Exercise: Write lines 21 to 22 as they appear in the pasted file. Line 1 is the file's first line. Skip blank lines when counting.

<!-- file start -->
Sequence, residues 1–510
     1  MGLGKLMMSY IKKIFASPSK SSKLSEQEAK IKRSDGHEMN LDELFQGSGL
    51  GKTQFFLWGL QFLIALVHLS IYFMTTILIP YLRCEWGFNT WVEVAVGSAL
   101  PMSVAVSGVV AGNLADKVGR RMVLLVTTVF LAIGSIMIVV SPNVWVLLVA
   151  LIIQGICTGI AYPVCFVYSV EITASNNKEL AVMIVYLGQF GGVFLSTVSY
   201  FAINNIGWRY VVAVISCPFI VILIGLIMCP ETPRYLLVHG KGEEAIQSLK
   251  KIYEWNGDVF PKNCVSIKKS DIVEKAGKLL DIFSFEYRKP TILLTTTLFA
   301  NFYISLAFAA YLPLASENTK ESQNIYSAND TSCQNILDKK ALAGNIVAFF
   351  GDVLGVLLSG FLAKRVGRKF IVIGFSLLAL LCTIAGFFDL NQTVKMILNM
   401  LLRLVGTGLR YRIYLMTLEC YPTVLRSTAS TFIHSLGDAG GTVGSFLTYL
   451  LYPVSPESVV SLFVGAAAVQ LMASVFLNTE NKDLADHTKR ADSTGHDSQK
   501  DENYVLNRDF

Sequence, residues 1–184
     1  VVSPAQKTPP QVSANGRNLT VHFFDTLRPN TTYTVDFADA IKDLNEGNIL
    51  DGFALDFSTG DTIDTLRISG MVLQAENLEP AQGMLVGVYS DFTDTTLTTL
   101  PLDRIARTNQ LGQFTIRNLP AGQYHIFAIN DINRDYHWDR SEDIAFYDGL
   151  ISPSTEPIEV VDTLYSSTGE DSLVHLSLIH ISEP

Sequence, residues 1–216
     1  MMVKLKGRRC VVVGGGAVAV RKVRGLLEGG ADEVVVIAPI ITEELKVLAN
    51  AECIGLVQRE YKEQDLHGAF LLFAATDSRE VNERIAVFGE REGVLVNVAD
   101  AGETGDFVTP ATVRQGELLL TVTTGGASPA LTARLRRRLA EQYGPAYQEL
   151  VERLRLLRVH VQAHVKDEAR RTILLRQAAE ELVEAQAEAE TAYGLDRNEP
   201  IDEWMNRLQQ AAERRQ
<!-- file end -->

   101  AGETGDFVTP ATVRQGELLL TVTTGGASPA LTARLRRRLA EQYGPAYQEL
   151  VERLRLLRVH VQAHVKDEAR RTILLRQAAE ELVEAQAEAE TAYGLDRNEP